Poet laureate obtains PhD in Creative Writing from UP

Posted on May 13, 2024

“I ought to write about important things” is the opening line of Important Things, a poem in the first full poetry collection by Dr Harold “Harry” Edward Owen (74), who has graduated from the University of Pretoria’s (UP) Faculty of Humanities with a PhD in Creative Writing.

And that is exactly what he has gone on to do. Dr Owen’s poetry focuses on the natural world, and through his words, he hopes to highlight the unprecedented extinction of wildlife and ecosystems. He feels poetry is the best (and perhaps only) way he can begin to make sense of things.

“As a parent and grandparent, I fear that if we do not find a way to preserve natural environments, future generations will be worse off,” he said.

As for why he chose UP to further his studies, he says: “I chose the University of Pretoria for my PhD in Creative Writing because after doing research and consulting with my peers, the common consensus I received was to contact Professor David Medalie. David is an exceptional supervisor, and working with him was a delight.”

Dr Owen’s journey as a poet and writer began in the UK in 2000 with the publication of his first full collection, Searching for Machynlleth, although he wrote the occasional verse during his 30-year tenure as a secondary school English teacher. But he really began to immerse himself in his craft after retiring from teaching – in fact, Dr Owen became the inaugural poet laureate for Cheshire in the UK in 2003 before he moved to South Africa in 2008. His most recent publication, his ninth collection of poetry, titled Thicket: Shades from the Eastern Cape (Minimal Press, 2022), was first published as an e-book, and pays tribute to his time in the Eastern Cape, touching on everything from the beauty of the landscape to the inequality of the standard of life.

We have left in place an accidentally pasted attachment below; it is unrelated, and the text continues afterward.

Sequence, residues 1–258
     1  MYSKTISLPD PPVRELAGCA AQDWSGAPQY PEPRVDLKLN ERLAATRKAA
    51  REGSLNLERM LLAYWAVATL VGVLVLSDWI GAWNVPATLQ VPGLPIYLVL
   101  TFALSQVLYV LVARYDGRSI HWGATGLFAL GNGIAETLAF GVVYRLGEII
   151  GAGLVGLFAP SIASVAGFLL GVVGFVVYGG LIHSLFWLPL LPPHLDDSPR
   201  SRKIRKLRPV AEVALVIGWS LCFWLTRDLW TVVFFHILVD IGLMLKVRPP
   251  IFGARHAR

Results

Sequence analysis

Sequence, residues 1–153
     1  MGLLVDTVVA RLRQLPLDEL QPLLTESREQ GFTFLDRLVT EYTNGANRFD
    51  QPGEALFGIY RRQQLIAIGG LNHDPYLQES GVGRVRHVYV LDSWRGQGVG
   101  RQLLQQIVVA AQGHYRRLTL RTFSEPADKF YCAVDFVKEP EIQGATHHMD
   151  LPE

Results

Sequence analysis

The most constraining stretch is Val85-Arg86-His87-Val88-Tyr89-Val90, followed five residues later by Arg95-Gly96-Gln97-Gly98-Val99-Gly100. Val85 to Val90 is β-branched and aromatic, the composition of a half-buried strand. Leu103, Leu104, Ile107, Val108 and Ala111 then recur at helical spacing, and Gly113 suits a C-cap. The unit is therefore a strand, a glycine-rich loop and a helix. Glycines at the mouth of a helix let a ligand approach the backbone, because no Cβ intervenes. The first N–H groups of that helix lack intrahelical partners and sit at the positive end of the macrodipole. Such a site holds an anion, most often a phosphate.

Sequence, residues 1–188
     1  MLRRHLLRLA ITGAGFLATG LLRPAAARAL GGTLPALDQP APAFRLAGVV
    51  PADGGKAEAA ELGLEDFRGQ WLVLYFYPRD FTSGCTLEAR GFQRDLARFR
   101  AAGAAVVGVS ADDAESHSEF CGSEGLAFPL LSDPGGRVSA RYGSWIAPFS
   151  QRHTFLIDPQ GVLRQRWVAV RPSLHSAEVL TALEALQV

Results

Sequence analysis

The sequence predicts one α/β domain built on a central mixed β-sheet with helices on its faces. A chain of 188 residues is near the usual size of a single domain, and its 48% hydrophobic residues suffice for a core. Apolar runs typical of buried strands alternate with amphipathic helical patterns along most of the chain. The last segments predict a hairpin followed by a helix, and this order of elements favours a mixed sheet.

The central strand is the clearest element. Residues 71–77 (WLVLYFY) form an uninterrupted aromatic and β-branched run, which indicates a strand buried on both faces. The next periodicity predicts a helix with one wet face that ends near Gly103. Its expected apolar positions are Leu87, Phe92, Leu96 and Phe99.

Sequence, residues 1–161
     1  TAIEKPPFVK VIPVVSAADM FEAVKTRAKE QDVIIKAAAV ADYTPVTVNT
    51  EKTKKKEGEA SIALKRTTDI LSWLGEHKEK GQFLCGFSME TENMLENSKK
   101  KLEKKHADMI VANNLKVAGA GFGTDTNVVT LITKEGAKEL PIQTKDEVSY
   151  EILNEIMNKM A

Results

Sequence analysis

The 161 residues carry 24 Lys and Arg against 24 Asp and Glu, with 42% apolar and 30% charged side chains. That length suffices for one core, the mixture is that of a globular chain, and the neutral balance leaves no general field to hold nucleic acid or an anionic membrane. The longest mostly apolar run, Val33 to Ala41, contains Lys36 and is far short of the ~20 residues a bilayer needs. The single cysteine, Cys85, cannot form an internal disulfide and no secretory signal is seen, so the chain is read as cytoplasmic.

Dr Owen’s thesis – titled ‘Towards a new default discourse for the Earth: The poetry of Chris Mann and Dan Wylie’ – focuses on the dominant discourse of modern Western society, narrowing in on corporate capitalism, and how the language contributes to attitudes and practices that damage the world. Through samples from eco-centric African poets Chris Mann and Dan Wylie, Dr Owen argues that a new “default discourse” needs to be created that places the natural world ahead of the current acquisitive, profit-driven norm.

“Working with Dr Harry Owen on his PhD was one of the most gratifying experiences of my professional life,” said Prof David Medalie, who is the Director of the Unit of Creative Writing in the Faculty of Humanities. “Dr Owen is a remarkably skilful poet, one whose deft use of language delights and enthrals the reader. He writes with passion about ecology, the natural world in its great variety and the threats it faces.”

- Author Noluthando Buthelezi

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